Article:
Public health measures like masking key to keeping children safe, healthy during RSV season | OHSU News

Public health measures like masking key to keeping children safe, healthy during RSV season

A joint statement from Kaiser Permanente, Legacy Health, OHSU Health, Providence
Josephine "JoJo" Schmidt, 2, washes her hands after receiving her COVID-19 vaccine. Frequent hand washing, staying up to date on vaccines, and avoiding people who are sick are all ways to help prevent the spread of RSV. (OHSU/Christine Torres Hicks)

Like hospitals and health systems nationwide, our health systems are continuing to see a high number of babies and young children with RSV, or respiratory syncytial virus, requiring hospitalization.

RSV is a common respiratory illness — almost all children will have an RSV infection by age 2 — that usually causes mild, cold-like symptoms that typically go away in a week or two. However, it’s likely children’s immune systems are not as prepared to fight the virus this year because they were not exposed during the pandemic, when masking, physical distancing and avoiding crowded indoor spaces was common.

Because of the high volume of sick young children requiring emergency services at this time, caregivers and families, unfortunately, may experience long wait times in our emergency departments. Additionally, appointments for urgent, immediate and primary care may take longer to schedule. Except when emergency care is needed, we urge families and caregivers with concerns to first call their primary care provider.

Symptoms of RSV infection usually include runny nose, decrease in appetite, coughing, sneezing, fever or wheezing. Serious symptoms that might indicate the need for emergency care could include trouble breathing, trouble eating due to rapid breathing, wheezing, severe dehydration or lethargy. A helpful example of RSV’s effects on a child’s breathing can be found here.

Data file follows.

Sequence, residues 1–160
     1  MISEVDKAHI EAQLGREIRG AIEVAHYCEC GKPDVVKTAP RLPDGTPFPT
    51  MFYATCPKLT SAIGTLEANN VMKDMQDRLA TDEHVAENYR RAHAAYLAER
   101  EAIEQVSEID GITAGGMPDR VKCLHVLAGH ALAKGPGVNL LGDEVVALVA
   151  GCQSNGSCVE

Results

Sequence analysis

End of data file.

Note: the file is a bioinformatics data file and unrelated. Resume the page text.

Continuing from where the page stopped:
The best thing parents and caregivers can do to keep their children healthy and safe this fall and winter is to practice all the measures that were emphasized during the COVID-19 pandemic:

Many parents and families are worried about their child’s symptoms, and wondering if they should seek a test for RSV. An RSV test is not necessary for the majority of cases, since most cases of RSV result in mild symptoms that can be managed from home; testing would not change the treatment and care recommendations from clinicians. In the hospital, RSV tests are used to best direct patient care for severe cases.

Eric Roth, M.D., Chief of Hospital Operations, Kaiser Permanente Northwest

Dan Bissell, M.D., Vice President and Chief Medical Officer for Legacy Good Samaritan Medical Center

Renee Edwards, M.D., M.B.A., Chief Medical Officer and Senior Vice President, OHSU Health

Elizabeth Ransom, M.D., FACS, Chief Medical Officer, Providence Oregon/Central Division